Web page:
The backbone of his system was a simple but tremendously powerful idea. Recognizing that the layers of rock that entombed fossil shells were made by the gradual accumulation of sediment, he realized that each layer embodied a span of time in the past. He saw no way to measure the number of years or centuries involved, and was loathe to speculate, but it was clear that the layers, one on top of the other, formed an unambiguous sequence: The lowest layer had been formed first, the highest last. Depending on their fossils and their sediments, the layers recorded the succession of seas, rivers, lakes, and soils that once covered the land. Geologists call Steno’s insight the "Principle of Superposition." It means that, layer by layer, the history of the world is written in stone.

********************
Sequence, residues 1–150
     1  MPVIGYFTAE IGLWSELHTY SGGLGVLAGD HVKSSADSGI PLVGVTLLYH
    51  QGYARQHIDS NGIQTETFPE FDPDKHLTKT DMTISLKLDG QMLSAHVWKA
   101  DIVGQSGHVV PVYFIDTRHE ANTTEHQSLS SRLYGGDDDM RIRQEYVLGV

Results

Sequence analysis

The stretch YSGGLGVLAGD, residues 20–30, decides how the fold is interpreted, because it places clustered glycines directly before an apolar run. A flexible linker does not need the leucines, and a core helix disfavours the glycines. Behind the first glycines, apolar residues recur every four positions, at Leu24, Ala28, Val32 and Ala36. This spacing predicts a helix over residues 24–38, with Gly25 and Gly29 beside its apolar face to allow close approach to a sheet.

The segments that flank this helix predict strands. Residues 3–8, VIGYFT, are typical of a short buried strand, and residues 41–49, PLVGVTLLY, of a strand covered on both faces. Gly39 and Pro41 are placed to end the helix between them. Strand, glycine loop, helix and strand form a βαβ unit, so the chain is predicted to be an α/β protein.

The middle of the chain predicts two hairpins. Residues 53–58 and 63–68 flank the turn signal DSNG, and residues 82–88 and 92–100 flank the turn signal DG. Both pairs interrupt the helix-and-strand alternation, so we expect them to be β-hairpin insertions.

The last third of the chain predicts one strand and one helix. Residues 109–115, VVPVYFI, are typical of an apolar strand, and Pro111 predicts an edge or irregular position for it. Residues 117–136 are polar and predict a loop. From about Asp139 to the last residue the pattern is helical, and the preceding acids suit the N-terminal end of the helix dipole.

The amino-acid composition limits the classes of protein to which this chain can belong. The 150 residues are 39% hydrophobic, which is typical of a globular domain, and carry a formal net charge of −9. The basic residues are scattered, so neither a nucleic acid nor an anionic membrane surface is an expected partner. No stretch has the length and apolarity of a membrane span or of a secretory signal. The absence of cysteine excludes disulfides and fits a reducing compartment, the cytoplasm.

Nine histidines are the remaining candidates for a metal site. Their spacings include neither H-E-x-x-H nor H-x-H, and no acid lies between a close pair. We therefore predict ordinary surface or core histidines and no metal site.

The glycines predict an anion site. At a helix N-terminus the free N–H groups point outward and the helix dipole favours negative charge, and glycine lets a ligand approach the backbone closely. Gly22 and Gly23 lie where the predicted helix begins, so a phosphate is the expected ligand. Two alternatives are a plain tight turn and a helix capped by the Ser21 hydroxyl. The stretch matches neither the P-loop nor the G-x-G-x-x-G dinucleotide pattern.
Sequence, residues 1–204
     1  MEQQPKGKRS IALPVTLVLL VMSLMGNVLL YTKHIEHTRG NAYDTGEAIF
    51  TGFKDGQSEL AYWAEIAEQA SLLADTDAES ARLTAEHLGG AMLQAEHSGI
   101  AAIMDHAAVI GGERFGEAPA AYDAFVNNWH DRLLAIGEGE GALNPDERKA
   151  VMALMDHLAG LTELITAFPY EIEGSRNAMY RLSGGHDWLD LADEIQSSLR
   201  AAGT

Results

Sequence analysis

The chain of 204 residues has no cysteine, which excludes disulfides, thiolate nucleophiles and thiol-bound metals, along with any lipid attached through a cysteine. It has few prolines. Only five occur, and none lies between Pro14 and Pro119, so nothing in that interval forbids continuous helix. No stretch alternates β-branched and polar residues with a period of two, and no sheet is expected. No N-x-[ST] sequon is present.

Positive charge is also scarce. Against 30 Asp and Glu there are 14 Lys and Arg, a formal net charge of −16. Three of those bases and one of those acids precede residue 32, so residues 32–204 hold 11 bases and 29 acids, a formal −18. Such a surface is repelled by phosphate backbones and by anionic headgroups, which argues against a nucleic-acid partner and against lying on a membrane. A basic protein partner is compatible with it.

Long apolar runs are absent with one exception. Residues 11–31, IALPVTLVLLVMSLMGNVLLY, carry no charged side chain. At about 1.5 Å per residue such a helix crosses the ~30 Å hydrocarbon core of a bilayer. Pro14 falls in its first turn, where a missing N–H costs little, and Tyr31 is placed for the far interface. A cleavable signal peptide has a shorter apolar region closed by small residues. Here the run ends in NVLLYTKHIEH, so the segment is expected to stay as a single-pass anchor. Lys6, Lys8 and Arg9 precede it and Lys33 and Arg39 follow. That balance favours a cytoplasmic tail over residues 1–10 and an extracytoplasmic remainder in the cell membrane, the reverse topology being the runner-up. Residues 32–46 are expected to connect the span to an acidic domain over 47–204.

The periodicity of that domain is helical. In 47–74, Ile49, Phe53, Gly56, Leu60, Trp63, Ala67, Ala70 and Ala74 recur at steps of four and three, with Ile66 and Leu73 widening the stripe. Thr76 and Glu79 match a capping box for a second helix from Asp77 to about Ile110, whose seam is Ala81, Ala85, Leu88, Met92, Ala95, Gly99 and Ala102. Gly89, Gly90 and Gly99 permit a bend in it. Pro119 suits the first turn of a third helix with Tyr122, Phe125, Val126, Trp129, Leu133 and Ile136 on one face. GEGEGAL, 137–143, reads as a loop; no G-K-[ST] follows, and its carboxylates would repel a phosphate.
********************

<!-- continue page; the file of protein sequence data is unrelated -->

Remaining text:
A decade earlier, James Ussher, an Anglican archbishop in Ireland, published his Biblical chronology of the world. By adding up the reigns of the kings and lifespans of the patriarchs and comparing them with the dates of known historical events, Ussher concluded that the world came into existence on Sunday, October 23, 4004 BC.
Ussher's proposed date of creation was close to that calculated by his contemporaries, including such luminaries as Johannes Kepler and Isaac Newton. Some pointed to 2 Peter 3:8, which states that "one day is with the Lord as a thousand years, and a thousand years as one day." This ratio was tied to the six days of creation in the book of Genesis, leading them to conclude that the total lifespan of the world was 6,000 years. When Ussher published his chronology, he convinced a significant portion of Europe's leading scholars to conclude that the universe had just 342 years to go.